How to Build a Man-Size Welding Table From Rebar and Used Bed-Frame Metal for Less Than Sixty Dollars
A Man-Sized Welding Table Without the Heavy Weight or the Big Price Tag:
Keep It Simple
Looking for a large welding table to add to your home workshop or small business? If so, then you know that they don't come cheap. A quick search on the popular EBay Website will bring up a number of tables for sale, with prices ranging from $75 for small used tables to prices exceeding two-thousand dollars for commercial-sized models. Even after you find a suitable table and make the expensive purchase, you will have to deal with the extra expense of freight-truck delivery or gasoline for the pickup, in what may become an all-day road trip.
A better option for those with welding skills is to make their own table. A light-weight and functional welding table can be constructed easily using rebar from the local hardware store and used-metal bed frames that can be purchased for a few dollars at garage sales and thrift stores. Once the components are cut to size, a good welder can assemble and weld the table together in just a few hours.
Let's Get Started:
The materials list to build the table you see in the photographs is remarkably simple. In fact, you will only need to purchase three sets of items:
Six- Ten foot sections of 1/2 inch metal rebar.
Four- Metal bed rails made in the shape of a "L."
One-Box of welding rods (welder's choice).
Use a chop saw or metal band saw to make the following cuts:
Cut twenty-seven segments of rebar into twenty-inch long pieces (for table surface).
Cut two segments of rebar into twenty-one inch pieces (for side cross-support of legs).
Cut one segment of rebar into a fifty-seven inch segment (for rear cross-support of legs).
Cut two bed-rail segments into twenty-one and one-half inches each (top frame, side pieces)
Cut two bed-rail segments into fifty-seven inch pieces (top frame, front and rear pieces).
Cut the remaining bed-rail into four equal length pieces at the desired height of your table (the table photographed is thirty-five inches tall).
Table Top Assembly:
Weld the top bed-frame metal into a rectangle with the shelf edge facing inside the frame (like a big metal bowl). I intentionally designed the side-pieces one-and-a-half inches too long so that the side piece will protrude from the rectangle on the left front and the right rear corner of the table top. This allows for a ground clamp area and a convenient place to hang or mount tools (such as the welder's hammer and wire brush in the photo). Verify right angles with a tool such as a carpenter's square before you start welding. Also clamp the piece together to prevent drifting during the weld process.
Once the rectangular frame is welded, use some soapstone and place a mark in two-inch increments all the way down the inside edge of the longest piece. Do the same to the other side. These marks are the locations that you will weld the twenty-inch rebar pieces that will be the surface of your table. It is important to align the marks so that the rebar will be parallel to the metal bed-frames on each short end of the table top. Weld the twenty-inch rebar into position, being careful to check for proper penetration and strength of weld.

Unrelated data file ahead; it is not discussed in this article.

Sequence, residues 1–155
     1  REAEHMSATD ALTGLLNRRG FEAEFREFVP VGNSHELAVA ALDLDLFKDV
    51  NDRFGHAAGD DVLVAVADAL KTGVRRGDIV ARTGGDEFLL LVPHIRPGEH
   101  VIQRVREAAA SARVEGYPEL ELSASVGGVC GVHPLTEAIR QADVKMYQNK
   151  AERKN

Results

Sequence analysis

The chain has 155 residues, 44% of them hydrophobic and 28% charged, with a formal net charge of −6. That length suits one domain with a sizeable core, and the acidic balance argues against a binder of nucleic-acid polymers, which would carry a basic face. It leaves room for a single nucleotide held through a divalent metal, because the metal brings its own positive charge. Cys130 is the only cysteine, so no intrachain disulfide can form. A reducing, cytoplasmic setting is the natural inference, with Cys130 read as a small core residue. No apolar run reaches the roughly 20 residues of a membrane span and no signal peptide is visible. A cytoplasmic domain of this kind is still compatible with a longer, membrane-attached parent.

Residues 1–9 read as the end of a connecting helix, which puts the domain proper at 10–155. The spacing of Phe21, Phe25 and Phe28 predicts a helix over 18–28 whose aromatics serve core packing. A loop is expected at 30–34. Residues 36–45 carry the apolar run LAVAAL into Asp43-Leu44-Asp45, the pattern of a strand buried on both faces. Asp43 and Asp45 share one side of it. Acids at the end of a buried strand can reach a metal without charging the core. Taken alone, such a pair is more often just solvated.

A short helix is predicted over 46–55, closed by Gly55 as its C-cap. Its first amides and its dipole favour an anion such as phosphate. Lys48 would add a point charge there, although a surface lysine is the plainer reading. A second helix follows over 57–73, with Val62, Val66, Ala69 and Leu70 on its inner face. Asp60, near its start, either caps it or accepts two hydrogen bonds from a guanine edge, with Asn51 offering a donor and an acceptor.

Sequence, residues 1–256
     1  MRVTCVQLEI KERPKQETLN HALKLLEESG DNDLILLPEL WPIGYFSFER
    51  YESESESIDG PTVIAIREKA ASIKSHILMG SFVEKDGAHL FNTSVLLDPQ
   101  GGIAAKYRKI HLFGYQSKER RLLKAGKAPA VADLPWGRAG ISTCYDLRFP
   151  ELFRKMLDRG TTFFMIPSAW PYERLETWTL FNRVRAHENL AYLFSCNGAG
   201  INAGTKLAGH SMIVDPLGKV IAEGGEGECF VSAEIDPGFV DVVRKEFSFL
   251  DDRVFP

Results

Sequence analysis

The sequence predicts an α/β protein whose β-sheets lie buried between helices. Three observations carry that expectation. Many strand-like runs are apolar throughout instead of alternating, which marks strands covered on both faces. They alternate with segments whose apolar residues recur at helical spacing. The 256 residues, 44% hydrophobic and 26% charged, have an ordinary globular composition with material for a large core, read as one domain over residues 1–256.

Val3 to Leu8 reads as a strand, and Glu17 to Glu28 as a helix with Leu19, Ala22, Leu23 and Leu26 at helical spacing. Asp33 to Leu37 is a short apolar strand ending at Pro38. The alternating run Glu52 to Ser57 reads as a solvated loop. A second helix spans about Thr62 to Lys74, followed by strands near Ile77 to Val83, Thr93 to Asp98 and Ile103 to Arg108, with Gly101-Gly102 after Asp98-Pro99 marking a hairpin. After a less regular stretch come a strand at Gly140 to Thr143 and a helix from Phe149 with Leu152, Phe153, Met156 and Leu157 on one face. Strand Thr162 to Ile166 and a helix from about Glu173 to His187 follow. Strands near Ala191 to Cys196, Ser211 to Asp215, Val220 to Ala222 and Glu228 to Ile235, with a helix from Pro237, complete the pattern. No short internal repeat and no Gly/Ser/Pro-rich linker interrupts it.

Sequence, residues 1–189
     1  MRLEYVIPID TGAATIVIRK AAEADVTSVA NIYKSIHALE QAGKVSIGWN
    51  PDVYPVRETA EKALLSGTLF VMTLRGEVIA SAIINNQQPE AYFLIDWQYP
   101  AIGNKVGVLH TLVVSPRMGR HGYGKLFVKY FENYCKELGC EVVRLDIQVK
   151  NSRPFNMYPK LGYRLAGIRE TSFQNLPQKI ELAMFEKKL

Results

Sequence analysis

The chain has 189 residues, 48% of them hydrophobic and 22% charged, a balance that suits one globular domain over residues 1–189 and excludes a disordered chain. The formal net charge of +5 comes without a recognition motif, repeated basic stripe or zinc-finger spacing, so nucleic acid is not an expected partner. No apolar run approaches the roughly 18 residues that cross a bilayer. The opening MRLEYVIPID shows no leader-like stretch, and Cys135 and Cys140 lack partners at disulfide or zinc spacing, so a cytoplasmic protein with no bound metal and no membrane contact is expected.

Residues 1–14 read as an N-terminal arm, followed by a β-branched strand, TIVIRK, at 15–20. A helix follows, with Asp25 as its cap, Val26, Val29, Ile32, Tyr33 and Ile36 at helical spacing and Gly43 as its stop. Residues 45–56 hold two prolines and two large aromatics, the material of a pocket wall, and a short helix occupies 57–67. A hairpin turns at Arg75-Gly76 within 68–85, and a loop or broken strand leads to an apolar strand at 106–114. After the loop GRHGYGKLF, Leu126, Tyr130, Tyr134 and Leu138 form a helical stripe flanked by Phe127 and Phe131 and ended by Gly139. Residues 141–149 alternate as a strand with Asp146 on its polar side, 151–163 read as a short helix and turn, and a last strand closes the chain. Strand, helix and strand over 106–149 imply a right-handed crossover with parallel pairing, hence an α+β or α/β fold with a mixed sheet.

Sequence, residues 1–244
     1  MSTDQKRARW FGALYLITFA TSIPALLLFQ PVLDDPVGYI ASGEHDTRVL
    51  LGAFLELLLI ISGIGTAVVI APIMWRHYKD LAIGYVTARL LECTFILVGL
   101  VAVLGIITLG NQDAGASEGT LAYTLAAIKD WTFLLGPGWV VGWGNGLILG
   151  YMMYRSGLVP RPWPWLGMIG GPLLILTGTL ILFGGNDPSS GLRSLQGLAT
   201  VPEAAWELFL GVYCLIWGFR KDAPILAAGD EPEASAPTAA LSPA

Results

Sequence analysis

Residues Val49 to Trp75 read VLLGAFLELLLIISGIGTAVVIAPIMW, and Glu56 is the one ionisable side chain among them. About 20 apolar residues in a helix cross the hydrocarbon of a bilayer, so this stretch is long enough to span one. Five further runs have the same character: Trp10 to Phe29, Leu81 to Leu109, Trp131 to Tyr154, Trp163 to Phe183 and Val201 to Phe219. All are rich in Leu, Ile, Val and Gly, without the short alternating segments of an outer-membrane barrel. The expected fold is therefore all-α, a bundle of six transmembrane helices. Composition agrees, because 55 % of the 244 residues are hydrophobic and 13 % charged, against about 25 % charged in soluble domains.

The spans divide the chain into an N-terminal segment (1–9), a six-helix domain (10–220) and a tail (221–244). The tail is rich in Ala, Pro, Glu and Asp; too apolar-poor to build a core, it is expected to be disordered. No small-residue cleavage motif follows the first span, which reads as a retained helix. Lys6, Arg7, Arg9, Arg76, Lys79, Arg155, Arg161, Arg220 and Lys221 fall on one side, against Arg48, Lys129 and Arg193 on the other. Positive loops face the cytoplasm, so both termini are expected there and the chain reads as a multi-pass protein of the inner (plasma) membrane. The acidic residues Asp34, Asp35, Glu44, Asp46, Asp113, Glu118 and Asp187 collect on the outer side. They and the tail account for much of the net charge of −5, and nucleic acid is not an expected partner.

Now that the table top is completed, keep it upside down (remember, make a metal bowl). Use the carpenter's square and weld the first leg section into place. Do the same with the other three legs. When you are satisfied that the legs are straight enough, use the cross-support pieces of rebar and weld them into place. These supports were placed twenty-two inches from the bottom of the legs on the table illustrated in the attached photographs.
My Review of This Homemade Welding Table:
I designed this table mainly because it used materials that I could aquire easily and cheaply, and I wanted a welding table that was light enough to move around my shop easily (sometimes I weld outside, and sometimes I weld inside). This table design met these goals easily. I personally spent less than $45 to obtain my materials, and I can pick the table up and move it around without any assistance. Not bad for a table that has a welding surface that is nearly five-feet long and two-feet wide.
The table design also prevents liquids from pooling on the table top and causing excessive corrosion damage. Any bare metal will corrode when exposed to the elements, but by keeping the top porous, this corrosion is kept to a minimum. I also like the advantage of being able to clamp a work piece to the numerous rebar sections lining the top. Bulky pieces (such as sculptures) will rest securely in the two-inch crevices between the rebar table top, and sometimes clamping is not even necessary. For welding smaller pieces of metal, simply place a small section of flat iron on the table top, and work off of the flat iron.
More Welding and Metal Art Information:
I hope that this information has been helpful and will assist you in improving the quality of your workshop or studio. For more information on basic welding terminology and the machines that are used, please see my previous Hubpage on Welding Techniques for Metal Art Newbies. If you are looking for options to expensive welding training in the United States and Europe, please see my Hubpage article on the affordable welding training that is available in the Philippine Islands.